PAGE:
There is something about the opening moment of the Edinburgh book festival that is magical – I take a deep breath and pause to watch authors and audiences come pouring in through the gates, stopping to enjoy the musical entertainment before heading into their first event.
This is the moment when the organising team put all the agonies and frustrations, tears and laughter and a year of hard work behind us and step out into another 17-day rollercoaster journey through the ideas that are shaping this strange new era. And then, suddenly, I’m torn out of my reverie as a colleague taps me on the shoulder to remind me that in five minutes I have to go on stage and introduce the 2008 Man Booker prizewinner Aravind Adiga.
Scotland set free
It was 1984 when the phrase “work as if you live in the early days of a better nation” was published on the front cover of an Alasdair Gray novel. Even though Gray didn’t coin the phrase, it’s often attributed to him and used as a rallying cry by supporters of Scottish independence. Writers and artists have been prominent in the discussions around Scotland’s constitutional question, but some are arguing that the independence movement is splintering.
There is, however, another undercurrent. Andrew O’Hagan is one writer who has argued that the UK government’s response to Brexit – and what he sees as Theresa May’s cavalier disregard for the devolved nations – has effectively shattered the Union in any case. For O’Hagan, the time has come to imagine a Scotland tethered by neither unionism nor nationalism – with a new definition of what it means to be a country in the 21st century. Perhaps it’s no coincidence that Nicola Sturgeon herself admits that she wishes her party didn’t have the word “national” in its name.
Live and learn
Sturgeon’s comments – made at a discussion with Turkish novelist Elif Shafak and young Scottish publisher Heather McDaid – dominate the media headlines, and I get frustrated that there’s less attention given to our programme for children and young people, imaginatively created by Janet Smyth. Authors like Julia Donaldson and Kristina Stephenson are perennial festival favourites, but it was very special to see a theatre packed with young women hanging on the every word of Holly Black and Cassandra Clare, and to welcome several authors writing about gender and identity, including Juno Dawson and CN Lester.
There has been much talk in Edinburgh this year about moving or extending the summer festivals to accommodate Scottish school holidays, but the book festival always embraces the start of the new term. Our schools programme welcomes more than 13,000 primary and high school pupils from across Scotland and the north of England. Many of them have never visited a book festival or met an author before.
Literature and loss
This year I was especially looking forward to seeing Israeli author David Grossman, the winner of the 2017 Man Booker International Prize. As the chair of the prize jury, I had the joy of reading his latest novel, A Horse Walks into a Bar, four times and discussing it in great detail with my fellow judges. Abrasive, unexpected and eventually heartbreaking, it is a masterclass in characterisation and structure, and it beat off some exceptionally strong competition to win the prize.
Anyone who has read Grossman’s previous books will not be surprised to hear that in the flesh he is a man who is quietly assured, but at the same time living with a sense of loss – the death of his son, Uri, came in August 2006. While Uri was carrying out his military service, the Israeli army went to war with Hezbollah in Lebanon and he was killed when the tank he was driving was hit by a rocket. He and two other crew members had been trying to rescue soldiers from another tank.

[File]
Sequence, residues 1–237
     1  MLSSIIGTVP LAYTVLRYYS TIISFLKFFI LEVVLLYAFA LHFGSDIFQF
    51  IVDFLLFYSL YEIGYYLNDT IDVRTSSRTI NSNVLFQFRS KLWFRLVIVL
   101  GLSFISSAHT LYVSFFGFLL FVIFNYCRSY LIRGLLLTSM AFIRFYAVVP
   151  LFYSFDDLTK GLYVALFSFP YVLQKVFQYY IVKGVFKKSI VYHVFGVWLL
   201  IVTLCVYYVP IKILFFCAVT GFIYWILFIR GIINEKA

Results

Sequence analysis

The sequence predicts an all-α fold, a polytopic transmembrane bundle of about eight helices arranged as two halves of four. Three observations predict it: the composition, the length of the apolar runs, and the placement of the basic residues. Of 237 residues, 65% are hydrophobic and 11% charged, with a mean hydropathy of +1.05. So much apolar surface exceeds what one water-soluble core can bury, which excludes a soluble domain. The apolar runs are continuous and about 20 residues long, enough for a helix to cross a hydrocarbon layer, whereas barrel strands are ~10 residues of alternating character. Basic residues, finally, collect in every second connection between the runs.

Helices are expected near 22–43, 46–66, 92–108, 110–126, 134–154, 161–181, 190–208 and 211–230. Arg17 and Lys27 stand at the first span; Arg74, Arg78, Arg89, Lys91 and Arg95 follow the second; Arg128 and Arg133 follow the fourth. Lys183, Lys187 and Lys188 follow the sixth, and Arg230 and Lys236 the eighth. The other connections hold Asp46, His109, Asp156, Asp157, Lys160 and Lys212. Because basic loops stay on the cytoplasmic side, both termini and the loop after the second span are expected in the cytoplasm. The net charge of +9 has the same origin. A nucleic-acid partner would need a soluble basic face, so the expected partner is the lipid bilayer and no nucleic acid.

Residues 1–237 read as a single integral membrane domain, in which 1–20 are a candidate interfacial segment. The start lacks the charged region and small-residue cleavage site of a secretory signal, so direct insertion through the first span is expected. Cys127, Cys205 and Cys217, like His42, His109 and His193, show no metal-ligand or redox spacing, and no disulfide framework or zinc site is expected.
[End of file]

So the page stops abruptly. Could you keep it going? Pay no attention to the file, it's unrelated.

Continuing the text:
In the years that have followed the tragedy, Grossman has channelled his grief into some of the most powerful and unforgettable fiction of the 21st century to date. Thanks to his translator (and co-winner of the Man Booker International prize) Jessica Cohen, we can read them all in English, too. A Horse Walks into a Bar is quite unlike any other Grossman book except in one important respect: it’s another masterpiece.
One of the most emotional moments of the festival this year was the arrival of the Iranian illustrator Ehsan Abdollahi. Each year a handful of international authors fail to secure a visa to visit the festival: it’s a problem that looks set to increase in this new era of travel bans and closed borders.
Even before the Brexit vote, an increasing number of authors were failing to pass the necessary tests and checks, but the denial of a visa to Abdollahi – the co-creator of a beguiling children’s book about happiness – was a case I couldn’t let go. As it was the third consecutive year we’d had an Iranian children’s author refused entry, my colleague Janet Smyth and I joined forces with Delaram Ghanimifard, Abdollahi’s publisher at Tiny Owl, and embarked on a campaign to get the decision overturned.
To our delight, the Bookseller ran a big story and the Guardian soon picked it up, prompting a wave of concern from the wider public. Then politicians started getting involved: the Scottish government made discreet noises behind the scenes in London, and Edinburgh MP Deidre Brock went public. A few days later I had a positive response from the UK’s ambassador in Iran, and within hours the visa decision was overturned. We’d had success this time, though many other festivals have not been so fortunate. I hope Abdollahi’s case stands as an inspiration for others: a demonstration that non-violent public protest can change a government’s behaviour.
Nick Barley is director of the Edinburgh International Book Festival, which runs until 28 August: edbookfest.co.uk
This article appears in the 21 Feb 2018 issue of the New Statesman, Sunni vs Shia